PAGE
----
Selena Simmons-Duffin demonstrates the face that comes with Pine Mouth syndrome.
You know it's a bad sign when the bride texts her guests to ask if anyone has a metallic taste in their mouth.
That was Morning Edition Producer Selena Simmons-Duffin's first clue that she'd been struck by a weird food syndrome known as Pine Mouth.
What is Pine Mouth you ask? It's a vile, bitter-metallic taste in your mouth that you just can't shake after eating pine nuts. "Anything I eat or drink tastes revolting," writes The Greasy Spoon, one of many food blogs to complain about the problem recently. The nasty taste can last a few days or up to two weeks.
For Simmons-Duffin, it was the wedding rehearsal dinner that done it. "We had this lovely salad with arugula, goat cheese and the fated pine nuts," she told Shots.
Simmons-Duffin said the good news is you don't really feel sick. The condition is mostly just an annoyance, because nothing tastes good for awhile.
When Simmons-Duffin and some ME colleagues posted a Facebook thread on Pine Mouth, they were surprised by how many people jumped into the conversation. "For a post at 1 a.m., 22 comments made for quite a lively thread" said Simmons-Duffin.
So how many people experience Pine Mouth? Official numbers are hard to come by. The FDA documented 53 complaints in 2009. They don't have updated numbers for this year, but it's likely that many cases don't get reported.
An FDA spokesperson said that most cases are not considered illnesses, since there are usually no accompanying symptoms. "Taste disturbance" is the category FDA gives Pine Mouth.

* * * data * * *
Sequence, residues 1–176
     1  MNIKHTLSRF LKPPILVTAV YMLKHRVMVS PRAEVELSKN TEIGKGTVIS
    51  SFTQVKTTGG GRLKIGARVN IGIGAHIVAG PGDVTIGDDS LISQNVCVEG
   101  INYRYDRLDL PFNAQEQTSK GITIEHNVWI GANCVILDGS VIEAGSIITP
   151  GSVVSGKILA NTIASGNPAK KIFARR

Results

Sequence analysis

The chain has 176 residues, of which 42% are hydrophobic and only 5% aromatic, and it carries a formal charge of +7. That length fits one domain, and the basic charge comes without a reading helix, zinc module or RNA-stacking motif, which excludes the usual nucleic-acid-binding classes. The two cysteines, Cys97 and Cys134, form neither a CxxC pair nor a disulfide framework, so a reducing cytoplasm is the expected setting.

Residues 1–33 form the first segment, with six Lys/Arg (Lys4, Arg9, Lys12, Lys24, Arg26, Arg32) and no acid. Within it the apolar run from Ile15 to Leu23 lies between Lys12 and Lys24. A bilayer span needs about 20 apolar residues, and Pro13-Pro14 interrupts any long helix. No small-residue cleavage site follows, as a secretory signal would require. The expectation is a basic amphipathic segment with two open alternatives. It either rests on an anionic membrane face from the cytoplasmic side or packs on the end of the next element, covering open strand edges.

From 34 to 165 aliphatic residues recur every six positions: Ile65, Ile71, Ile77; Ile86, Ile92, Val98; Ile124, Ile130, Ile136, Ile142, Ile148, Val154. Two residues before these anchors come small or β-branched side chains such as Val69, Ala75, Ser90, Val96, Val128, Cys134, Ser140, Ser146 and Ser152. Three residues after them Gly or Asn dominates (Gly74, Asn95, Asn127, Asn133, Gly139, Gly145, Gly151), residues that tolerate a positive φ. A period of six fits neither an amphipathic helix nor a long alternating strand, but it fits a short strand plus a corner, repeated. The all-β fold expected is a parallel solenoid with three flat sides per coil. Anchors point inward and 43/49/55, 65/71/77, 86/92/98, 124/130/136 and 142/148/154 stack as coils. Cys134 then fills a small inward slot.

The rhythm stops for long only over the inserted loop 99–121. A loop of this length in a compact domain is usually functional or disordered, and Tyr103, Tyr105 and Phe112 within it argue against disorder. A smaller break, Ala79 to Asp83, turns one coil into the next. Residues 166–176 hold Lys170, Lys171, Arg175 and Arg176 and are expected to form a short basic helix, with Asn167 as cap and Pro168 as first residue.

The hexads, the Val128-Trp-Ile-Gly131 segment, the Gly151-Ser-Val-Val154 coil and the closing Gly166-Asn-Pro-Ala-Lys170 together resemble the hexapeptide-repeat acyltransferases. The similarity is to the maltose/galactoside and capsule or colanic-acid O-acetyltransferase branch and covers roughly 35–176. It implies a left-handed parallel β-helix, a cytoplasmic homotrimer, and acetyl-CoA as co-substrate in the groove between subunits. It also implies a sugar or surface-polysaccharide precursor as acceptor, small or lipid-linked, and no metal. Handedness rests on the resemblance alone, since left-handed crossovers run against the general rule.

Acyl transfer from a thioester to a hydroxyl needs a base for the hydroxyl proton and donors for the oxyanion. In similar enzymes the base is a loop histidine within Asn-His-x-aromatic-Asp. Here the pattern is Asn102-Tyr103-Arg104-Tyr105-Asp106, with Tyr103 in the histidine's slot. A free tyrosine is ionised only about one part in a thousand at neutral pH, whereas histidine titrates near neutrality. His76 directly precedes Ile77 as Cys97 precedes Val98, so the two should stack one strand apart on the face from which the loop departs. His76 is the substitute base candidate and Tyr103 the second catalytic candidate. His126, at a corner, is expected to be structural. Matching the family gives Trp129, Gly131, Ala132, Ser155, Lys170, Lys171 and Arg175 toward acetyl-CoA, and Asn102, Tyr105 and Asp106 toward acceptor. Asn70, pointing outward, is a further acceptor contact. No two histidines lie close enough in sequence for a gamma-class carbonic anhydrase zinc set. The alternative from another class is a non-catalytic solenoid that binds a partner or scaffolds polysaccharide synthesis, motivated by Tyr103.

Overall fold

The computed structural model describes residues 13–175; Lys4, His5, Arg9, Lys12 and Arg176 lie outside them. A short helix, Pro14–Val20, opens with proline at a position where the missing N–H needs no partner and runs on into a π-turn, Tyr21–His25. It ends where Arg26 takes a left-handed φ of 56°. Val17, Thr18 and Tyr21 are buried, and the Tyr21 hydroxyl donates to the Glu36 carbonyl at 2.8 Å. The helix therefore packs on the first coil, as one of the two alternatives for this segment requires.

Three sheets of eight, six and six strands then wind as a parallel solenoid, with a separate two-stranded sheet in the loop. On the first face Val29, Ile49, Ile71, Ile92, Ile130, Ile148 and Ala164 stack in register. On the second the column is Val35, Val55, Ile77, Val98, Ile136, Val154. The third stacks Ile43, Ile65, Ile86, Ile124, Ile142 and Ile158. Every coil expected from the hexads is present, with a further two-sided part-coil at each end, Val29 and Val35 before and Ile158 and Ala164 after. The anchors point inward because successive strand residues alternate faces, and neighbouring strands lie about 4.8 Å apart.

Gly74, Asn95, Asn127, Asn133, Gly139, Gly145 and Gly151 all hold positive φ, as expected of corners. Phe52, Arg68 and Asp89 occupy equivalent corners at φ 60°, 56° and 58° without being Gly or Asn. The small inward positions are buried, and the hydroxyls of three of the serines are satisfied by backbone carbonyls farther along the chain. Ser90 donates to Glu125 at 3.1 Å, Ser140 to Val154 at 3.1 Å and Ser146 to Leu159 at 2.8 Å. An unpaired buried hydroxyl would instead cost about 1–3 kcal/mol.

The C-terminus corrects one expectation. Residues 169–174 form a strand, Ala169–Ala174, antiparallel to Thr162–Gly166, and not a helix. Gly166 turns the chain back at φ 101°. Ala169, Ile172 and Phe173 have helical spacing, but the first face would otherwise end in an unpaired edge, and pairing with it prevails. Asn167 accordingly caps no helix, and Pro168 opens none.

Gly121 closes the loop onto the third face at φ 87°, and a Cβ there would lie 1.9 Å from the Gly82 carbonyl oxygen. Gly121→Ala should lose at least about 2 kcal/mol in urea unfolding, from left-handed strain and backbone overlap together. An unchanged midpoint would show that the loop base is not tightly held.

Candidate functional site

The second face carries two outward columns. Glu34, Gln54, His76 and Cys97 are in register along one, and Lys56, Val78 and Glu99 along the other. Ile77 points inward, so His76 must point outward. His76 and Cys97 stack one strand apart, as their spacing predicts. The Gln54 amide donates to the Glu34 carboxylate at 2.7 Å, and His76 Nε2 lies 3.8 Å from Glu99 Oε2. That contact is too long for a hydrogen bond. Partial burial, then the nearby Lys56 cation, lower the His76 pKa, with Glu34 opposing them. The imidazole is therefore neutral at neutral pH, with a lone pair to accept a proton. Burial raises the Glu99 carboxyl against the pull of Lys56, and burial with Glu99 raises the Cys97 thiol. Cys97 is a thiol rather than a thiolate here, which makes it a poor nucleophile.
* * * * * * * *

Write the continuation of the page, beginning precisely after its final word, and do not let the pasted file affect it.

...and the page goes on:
No one is certain what causes it. One theory is that people don't store the nuts properly, so they go bad.
"We know from agricultural research that pine nut oil can go rancid quickly," said Dr. Marc-David Munk of the University of New Mexico. Munk got interested in Pine Mouth after he came down with it.
In Munk's case, he ate a handful of pine nuts from a restaurant salad bar. He published a paper in the Journal of Medical Toxicology about his experience. Since then, he says he receives a couple of emails a day from people who are curious to know more.
Munk says there's another theory about what causes the bitter taste: Chinese imports. Researchers in Switzerland recently did a chemical analysis of imported pine nuts and identified two species that have not traditionally been part of the food supply.
"One was the Chinese White Pine and the other was the Chinese Red Pine," said Munk. So the second theory is that Pine Mouth is caused by an inedible species of pine nuts that have made it onto the market.
The problem is, there's no way for most consumers to tell. They look the same on the salad, so you might want to approach these nuts with a little caution. If you've been struck, there's a Facebook group you can join.
For more on the mysterious Pine Mouth syndrome, check out my Morning Edition piece today.